A Tale for the Time BeingBook - 2013
From Library Staff
Join the discussion on January 21, 2017. In Tokyo, 16-year-old Nao has decided there's only one escape from her aching loneliness and her classmates' bullying. But before she ends it all, Nao first plans to document the life of her great-grandmother, a Buddhist nun who's lived more than a century.
A Canadian writer gets drawn into a mystery when she finds a suicidal Japanese schoolgirl's diary that has washed up on the shore. This is fascinating, with an interesting structure and a perspective on Japanese history I'd never experienced in a book before.
multcolib_alisonk May 02, 2014
A woman in B.C. discovers a Japanese girl's diary washed up on the beach, and gets drawn into the story of the girl's life.
multcolib_darceem May 01, 2014
Ruth, a writer living in British Columbia, finds a collection of materials washed up on the beach. Inside is the diary of a Japanese teenager, who, believing suicide is the only relief for her teenage angst, is determined, before she commits that final act, to write down the story of her great-gr... Read More »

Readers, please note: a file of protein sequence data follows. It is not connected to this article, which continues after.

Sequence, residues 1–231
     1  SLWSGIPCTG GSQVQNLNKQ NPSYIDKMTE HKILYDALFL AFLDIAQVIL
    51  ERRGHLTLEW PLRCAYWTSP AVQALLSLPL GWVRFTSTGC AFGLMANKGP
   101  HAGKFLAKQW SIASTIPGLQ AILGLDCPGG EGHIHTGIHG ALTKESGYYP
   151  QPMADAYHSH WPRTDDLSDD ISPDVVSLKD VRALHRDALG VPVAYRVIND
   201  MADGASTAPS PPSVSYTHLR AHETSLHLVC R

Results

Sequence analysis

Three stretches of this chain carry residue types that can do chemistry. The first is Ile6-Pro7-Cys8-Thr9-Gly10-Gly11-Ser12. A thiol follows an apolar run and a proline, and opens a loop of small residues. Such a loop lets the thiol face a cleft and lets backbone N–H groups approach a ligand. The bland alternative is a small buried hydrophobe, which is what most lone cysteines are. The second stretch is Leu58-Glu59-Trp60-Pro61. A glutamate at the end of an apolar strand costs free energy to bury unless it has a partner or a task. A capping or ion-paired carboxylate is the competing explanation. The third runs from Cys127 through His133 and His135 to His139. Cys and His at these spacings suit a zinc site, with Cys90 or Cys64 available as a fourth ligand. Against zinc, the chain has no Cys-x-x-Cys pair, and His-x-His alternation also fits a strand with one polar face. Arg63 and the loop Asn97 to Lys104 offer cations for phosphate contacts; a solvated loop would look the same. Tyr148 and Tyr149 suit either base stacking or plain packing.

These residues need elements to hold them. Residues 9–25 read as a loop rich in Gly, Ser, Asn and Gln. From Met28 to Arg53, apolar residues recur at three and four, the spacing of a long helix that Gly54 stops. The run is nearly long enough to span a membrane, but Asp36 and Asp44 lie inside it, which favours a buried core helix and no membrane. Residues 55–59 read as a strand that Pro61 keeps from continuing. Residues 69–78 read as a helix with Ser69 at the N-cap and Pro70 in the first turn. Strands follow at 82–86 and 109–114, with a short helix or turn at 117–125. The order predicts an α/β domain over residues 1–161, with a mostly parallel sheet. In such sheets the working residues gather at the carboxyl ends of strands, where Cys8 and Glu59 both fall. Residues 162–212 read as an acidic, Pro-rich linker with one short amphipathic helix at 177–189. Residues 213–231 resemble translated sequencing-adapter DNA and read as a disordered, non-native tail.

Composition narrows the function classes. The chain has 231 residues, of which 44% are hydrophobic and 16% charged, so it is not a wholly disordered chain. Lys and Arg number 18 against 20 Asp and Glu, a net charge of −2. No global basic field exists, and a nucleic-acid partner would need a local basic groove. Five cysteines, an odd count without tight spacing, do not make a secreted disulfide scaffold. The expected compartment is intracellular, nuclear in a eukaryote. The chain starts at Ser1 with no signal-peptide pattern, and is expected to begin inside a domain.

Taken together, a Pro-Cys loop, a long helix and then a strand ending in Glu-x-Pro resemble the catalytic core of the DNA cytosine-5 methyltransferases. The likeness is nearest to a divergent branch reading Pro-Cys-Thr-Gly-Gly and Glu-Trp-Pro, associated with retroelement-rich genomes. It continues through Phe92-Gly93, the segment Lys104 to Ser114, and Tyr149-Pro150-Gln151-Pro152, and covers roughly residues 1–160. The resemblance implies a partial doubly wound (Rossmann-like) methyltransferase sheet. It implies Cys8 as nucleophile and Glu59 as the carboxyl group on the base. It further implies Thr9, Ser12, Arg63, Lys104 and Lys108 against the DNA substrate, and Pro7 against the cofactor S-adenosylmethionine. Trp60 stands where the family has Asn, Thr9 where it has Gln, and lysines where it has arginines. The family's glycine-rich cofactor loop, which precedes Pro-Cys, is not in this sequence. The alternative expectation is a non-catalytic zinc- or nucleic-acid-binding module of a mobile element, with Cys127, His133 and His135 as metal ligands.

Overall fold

multcolib_alisonk Apr 30, 2014
In Tokyo, sixteen-year-old Nao has decided there's only one escape from her aching loneliness and her classmates' bullying. But before she ends it all, Nao first plans to document the life of her great grandmother, a Buddhist nun who's lived more than a century. A diary is Nao's only solace--and ... Read More »
From the critics
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“..I am a time being. Do you know what a time being is? Well, if you give me a moment, I will tell you. A time being is someone who lives in time, and that means you, and me, and every one of us who is, or was, or ever will be.”
Print is predictable and impersonal, conveying information in a mechanical transaction with the reader's eye. Handwriting, by contrast, resists the eye, reveals it's meaning slowly, and is as intimate as skin.
From Le temps retrouve (Time Regained) by Marcel Proust, as quoted in A Tale for the Time Being by Ruth Ozeki:
"In reality, every reader, while he is reading, is the reader of his own self. The writer's work is merely a kind of optical instrument, which he offers to the reader to permit him to discern what, without the book, he would perhaps never have seen in himself. The reader's recognition in his own self of what the book says is the proof of its truth."
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SummaryAdd a Summary
A Canadian writer finds a freezer bag containing a young Japanese girl's diary which might have washed across the Pacific after the tsunami. The chapters go back and forth between the writer and the diary pages, keeping you enthralled and wondering if you will ever know what became of her. Fascinating!
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